Sam Cooke’s “A Change is Gonna Come” resonated through a gymnasium at East High School Saturday as hundreds of people filed out of the room, some in tears and others in embrace.
For the past three hours the Madison community had gathered to pay their respects to Tony Robinson, a 19-year-old Madison resident who was shot and killed by a Madison police officer only a week ago.
Cooke’s lyrics, and the time old anthem for the civil rights movement, seemed particularly poignant.
The day Robinson was killed his family was not allowed to immediately see his body – it had been classified as evidence.
But on Saturday, March 14, his body rest in an open casket. His embalmed face looked more like a mask compared to photos in a slideshow playing at the front of the room. Robinson was shot multiple times in the head, torso and right upper extremity, according to preliminary autopsy.
He rest no longer an object under investigation, but for his friends and family as an emblem for change to come.
“Tony isn’t over there,” Robinson’s grandmother, Sharon Irwin said as she pointed to his casket. “He is rocking the universe.”
“When you feel the wind touch the tip of your ear, that’s Tony speaking to you. When you hear that song and you think of him, that’s Tony speaking to you,” Irwin said.
Saturday, Irwin’s song was Phil Collins’ “In the Air Tonight.” It had played on the radio at a time she yearned to speak to him.
As Irwin stepped away from the microphone, Collins’ song played and the hundreds of attendees put their fists into the air.
They were the same fists that had been suspended over the crowds of protesters marching in Robinson’s name the week before; the fists of those who had spent a week chanting, “If you’re with us, put your fist up.”
The sounds of the demonstrations echoed through the room throughout the funeral.
Friends and family finished their speeches at the ceremony in call and response.
“What’s his name?” they said just as they had done at the corner of Few and Williamson Street on the night Robinson was killed and the days after.
“Tony Robinson,” the attendees responded in unison.
Irwin, who had joined protesters from the night of the shooting, expressed her gratitude for the peacefulness of protests “in respect for Tony.”
Robinson’s aunt read a poem calling her nephew a “martyr for change” not a “victim.”
Custom-made shirts read Robinson had gone too soon, reverberated through friend Jordan King, who said Robinson had just “become a man” and was making strides in his life.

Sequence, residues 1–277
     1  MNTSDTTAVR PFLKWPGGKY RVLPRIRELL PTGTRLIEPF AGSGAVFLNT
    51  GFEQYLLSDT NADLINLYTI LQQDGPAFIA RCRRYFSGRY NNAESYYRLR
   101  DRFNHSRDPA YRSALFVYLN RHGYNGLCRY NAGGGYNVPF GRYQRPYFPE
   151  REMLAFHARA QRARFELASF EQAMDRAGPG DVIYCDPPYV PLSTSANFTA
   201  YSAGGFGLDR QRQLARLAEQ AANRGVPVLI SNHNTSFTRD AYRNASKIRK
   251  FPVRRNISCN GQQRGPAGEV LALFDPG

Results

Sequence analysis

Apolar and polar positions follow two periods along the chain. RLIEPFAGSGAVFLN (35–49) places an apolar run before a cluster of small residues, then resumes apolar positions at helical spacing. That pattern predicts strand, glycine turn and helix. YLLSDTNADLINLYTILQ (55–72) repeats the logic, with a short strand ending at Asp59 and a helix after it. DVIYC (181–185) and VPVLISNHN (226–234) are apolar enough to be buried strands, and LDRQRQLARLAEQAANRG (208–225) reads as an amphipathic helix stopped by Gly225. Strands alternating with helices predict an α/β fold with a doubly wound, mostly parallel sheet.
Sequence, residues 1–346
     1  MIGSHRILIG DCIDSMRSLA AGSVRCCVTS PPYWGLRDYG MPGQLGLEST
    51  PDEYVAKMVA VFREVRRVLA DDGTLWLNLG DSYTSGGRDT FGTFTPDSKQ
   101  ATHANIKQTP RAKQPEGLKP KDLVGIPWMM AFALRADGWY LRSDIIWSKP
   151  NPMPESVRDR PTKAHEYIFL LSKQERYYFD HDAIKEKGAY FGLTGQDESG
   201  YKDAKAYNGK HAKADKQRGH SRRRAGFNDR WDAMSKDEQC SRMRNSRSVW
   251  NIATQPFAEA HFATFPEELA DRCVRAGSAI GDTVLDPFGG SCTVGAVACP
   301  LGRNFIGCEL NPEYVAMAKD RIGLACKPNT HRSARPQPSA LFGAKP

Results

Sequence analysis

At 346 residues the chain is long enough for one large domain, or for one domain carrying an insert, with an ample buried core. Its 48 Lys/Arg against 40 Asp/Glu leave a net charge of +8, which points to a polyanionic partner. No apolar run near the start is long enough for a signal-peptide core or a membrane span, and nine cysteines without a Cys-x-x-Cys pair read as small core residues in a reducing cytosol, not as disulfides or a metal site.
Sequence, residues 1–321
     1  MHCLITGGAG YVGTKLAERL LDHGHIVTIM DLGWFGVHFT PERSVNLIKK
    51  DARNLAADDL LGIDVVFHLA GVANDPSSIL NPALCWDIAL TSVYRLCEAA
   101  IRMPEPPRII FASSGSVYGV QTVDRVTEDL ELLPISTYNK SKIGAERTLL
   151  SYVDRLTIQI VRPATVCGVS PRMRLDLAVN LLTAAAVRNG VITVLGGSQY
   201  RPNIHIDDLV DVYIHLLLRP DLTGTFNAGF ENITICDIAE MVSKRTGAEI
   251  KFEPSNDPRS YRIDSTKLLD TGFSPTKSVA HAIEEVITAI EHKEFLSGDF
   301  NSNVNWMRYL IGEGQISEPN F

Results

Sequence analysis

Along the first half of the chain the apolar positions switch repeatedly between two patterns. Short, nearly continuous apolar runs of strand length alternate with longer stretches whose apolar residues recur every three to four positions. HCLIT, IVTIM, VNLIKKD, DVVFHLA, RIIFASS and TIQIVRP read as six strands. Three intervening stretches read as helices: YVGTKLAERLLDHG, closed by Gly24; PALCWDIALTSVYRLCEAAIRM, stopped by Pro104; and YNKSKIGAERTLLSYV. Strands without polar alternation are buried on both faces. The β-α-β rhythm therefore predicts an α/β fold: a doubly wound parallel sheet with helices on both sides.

His friends spoke of Robinson’s aspirations to attend Madison Area Technical College to study business.
His friend Jack Spaulding, who has been vocal in protests since Robinson’s death, said he and his friends were dreaming of opening a restaurant one day. Now, Spaulding said if he ever opens a restaurant, he will call it “Tony’s.”
Others spoke of Robinson’s selflessness. His aunt Lorien Carter mentioned he started helping around his house more after his mother was recently diagnosed with multiple sclerosis.
His uncle, Turin Carter said Robinson idolized him as a child. At times, Carter said he felt as though he may not have deserved so much of Robinson’s adoration. But Saturday he said he was determined to earn it in his honor.
He said he will make it his life goal to personally expose anyone who stands in the way of justice.
The afternoon was filled with music and the music reflected the message.
“Glory,” a John Legend and Common song from the movie Selma, a Jennifer Hudson version of “Let It Be” and a somber cover of “Hallelujah” played on a loop over speakers in the auditorium before the procession began.
His friends and family said Robinson was vocal about the change he wanted to make in the world.
On his memorial card his family wrote a quote that Robinson had said:
“You ever have the feeling you’re going to live forever? I mean like you’re never going to die? I’m going to be great, I don’t know how I know but I do. Just watch. I’m going to change the world.”
Below the quote read a message from his family.
“And change the world you have sweetheart.”
They said they want the world to remember his name, and to push for the change that will come because of it.
Tony Robinson’s death: a portrait of a life ended, a life halted, a community unitedSaturday morning, a team of three Madison police officers stood outside the house at 1125 Williamson Street on the Near Read…